“Like one who has travelled distant oceans Am I among those who are forever home.”
- Rainer Maria Rilke, The Loner

The cosmopolitan abstractions of Sayed Haider Raza (1922 – 2016) reveal his long itinerant life that cuts across many important phases of transnational modernism; evolving a distinct language in which the artist tried to express both the indigenous and the universal, the contingent and the eternal. In a world divided by borders and rising insularities of different kinds, it is inspiring to engage Raza’s intense and luminous corpus of works that challenges many of the prevailing assumptions of the present. Raza grew up to recite the Quran and cite the Gita with equal passion. He venerated forms of Nature (river, land/bhoomi, air) that stretched his interest back to the ancient Vedic traditions, embraced Sufic thought, performed surya namaskar and practiced dhyana (meditation). This internalization made Raza receptive to spiritual knowledge without being rigid and regimented in his religious practice. He remained inspired by the poetry of Kabir, Ghalib, Mir, Rainer Maria Rilke and writings of Mahatma Gandhi.
Raza’s early paintings, traversing across terrains and rivers, rural habitats, small towns and metropolises, were rooted within varied landscapes from India and beyond. They are replete with colours befitting to the shifting geographic and cultural topographies, and bearing on the shifts in the artist’s pictorial conception. Young Raza painted with a frenzy, the spontaneity of his brushwork creating energy and movement, and capturing the hustle-bustle of everyday life in market places, streets and narrow alleys as well as the river ghats.
Academically trained, Raza moved ahead to become one of the founding stalwart figures of modernism in India. He initiated the historic Progressive Artists’ Group in 1947 along with FN Souza and MF Husain, but unlike them was committed to a non-figural expression that was never empty of content.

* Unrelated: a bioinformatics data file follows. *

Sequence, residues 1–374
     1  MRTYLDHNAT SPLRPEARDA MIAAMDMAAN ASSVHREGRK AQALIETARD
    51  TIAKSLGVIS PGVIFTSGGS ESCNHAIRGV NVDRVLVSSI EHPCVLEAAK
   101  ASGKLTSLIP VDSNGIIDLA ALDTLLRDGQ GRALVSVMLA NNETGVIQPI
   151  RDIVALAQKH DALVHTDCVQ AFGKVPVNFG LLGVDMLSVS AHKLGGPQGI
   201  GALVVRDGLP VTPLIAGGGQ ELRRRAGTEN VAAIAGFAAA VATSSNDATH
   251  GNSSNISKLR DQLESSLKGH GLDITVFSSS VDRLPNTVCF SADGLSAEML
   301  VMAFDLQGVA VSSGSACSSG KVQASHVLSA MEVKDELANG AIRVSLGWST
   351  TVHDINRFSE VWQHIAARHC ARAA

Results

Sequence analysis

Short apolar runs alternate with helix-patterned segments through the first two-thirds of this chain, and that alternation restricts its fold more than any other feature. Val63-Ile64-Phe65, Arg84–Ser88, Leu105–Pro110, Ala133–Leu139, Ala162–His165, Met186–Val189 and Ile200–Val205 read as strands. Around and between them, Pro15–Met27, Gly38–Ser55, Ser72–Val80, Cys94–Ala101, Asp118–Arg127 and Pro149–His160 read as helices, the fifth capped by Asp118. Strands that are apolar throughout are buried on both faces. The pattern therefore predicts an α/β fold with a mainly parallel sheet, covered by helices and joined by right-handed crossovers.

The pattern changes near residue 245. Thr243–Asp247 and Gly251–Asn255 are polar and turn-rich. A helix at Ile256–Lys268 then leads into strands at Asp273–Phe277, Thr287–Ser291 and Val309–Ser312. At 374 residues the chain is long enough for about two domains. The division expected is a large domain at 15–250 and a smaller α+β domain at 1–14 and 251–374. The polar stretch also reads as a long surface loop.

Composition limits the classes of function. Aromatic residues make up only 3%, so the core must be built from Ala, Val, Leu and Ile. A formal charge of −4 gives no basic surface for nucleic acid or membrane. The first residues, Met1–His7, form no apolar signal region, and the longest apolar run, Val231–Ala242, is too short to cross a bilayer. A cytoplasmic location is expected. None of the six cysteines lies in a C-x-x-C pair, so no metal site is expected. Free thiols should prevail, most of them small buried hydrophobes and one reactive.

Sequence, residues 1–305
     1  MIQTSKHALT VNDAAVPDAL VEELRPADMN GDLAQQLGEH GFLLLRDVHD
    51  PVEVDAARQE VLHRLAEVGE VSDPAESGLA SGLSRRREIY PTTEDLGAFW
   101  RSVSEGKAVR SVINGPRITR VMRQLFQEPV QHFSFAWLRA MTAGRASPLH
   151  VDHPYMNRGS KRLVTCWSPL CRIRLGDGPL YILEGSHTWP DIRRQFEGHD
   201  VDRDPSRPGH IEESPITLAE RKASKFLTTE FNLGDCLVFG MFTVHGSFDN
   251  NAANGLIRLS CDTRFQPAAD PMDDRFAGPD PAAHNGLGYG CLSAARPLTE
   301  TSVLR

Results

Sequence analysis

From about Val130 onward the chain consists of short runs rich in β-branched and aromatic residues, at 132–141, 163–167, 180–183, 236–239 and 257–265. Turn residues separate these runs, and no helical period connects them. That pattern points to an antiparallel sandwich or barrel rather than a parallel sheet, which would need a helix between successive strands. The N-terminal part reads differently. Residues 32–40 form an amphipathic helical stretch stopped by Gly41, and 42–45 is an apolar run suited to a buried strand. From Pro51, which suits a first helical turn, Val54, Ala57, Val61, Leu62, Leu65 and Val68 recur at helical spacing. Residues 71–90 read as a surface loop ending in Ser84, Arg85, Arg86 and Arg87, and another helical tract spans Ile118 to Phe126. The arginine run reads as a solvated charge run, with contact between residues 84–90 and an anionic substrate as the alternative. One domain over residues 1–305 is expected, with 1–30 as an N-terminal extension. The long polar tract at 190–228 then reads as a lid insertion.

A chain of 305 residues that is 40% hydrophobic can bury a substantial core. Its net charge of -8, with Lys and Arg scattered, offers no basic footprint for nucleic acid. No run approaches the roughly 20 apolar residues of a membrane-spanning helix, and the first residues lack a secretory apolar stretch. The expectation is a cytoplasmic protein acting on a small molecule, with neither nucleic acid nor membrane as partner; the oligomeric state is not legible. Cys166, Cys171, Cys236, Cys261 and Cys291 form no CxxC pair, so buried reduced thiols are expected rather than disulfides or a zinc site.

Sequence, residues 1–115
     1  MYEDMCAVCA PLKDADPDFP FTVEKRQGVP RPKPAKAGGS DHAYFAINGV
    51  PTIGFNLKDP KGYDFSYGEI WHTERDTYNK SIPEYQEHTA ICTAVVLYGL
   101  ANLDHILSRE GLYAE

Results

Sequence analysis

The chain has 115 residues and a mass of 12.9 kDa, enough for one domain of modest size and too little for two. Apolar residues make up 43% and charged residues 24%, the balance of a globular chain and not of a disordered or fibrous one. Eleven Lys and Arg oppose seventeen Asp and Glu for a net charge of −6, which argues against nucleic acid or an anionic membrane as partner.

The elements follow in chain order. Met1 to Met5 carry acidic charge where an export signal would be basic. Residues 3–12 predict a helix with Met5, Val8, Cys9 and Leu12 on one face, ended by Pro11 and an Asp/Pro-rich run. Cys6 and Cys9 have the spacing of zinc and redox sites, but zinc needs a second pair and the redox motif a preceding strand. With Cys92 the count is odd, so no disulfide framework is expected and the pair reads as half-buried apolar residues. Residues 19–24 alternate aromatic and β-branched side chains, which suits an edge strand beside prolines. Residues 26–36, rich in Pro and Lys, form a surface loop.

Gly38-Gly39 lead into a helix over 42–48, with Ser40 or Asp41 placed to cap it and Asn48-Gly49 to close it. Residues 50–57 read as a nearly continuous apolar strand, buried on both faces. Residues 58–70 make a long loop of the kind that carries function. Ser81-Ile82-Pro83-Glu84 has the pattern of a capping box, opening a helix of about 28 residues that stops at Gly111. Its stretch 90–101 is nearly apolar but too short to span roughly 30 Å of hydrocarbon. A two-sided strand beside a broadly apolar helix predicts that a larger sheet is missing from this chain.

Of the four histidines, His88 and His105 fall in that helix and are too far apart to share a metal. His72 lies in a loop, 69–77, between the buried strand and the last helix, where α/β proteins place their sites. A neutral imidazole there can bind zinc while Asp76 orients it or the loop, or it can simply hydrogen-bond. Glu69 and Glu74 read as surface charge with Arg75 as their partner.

From his exposure to modern masters in the West and his deep knowledge of Indian philosophies and miniature painting traditions, Raza started working on nature’s five primordial principles and elements (panchabhutas and panchatatvas), through his celebrated paintings such as La Terre, Germination and Saurashtra. This crucial period—described by the artist as a transition “from Nature to Seed”—also coincided with Raza’s increasing interest in the mystical notions and the spiritual dimensions of abstraction, and more importantly, the symbolism of the bindu (point) which became the central and consistent motif in the artist’s comprehension of the cosmos. Around the late-1970s, Raza moved from a nature-based to a symbolic/geometric abstraction, articulating his vocabulary in elementary shapes like the circle and the triangle, and embracing a space unbounded and infinite. The early sightings of the brooding, blazing and occasionally melanized sun in his cityscapes, a black hole, finally rises as the repository of all energies and life-giving forces. Bindu, the circle that represents the breath of the universe, in its concentric presence alluded to its expansion and contraction, creating a fine balance between spatial structures and the processes of time.
Raza’s life transited from a small village called Kakaiya in central India to the city of Nagpur, to metropolises like Mumbai and Paris to finally reside in the rural commune of Gorbio in southern France only to return to India to spend the last years of his life in Delhi, painting every single day until his passing at the age of 94 in New Delhi, 2016.
Raza’s art traversed the space between origin and return, between the here and the beyond, both literally and metaphorically. His simple yet complex manifestations iterate the impossibility of knowing reality, as the Absolute manifests itself in infinite ways.
~Roobina Karode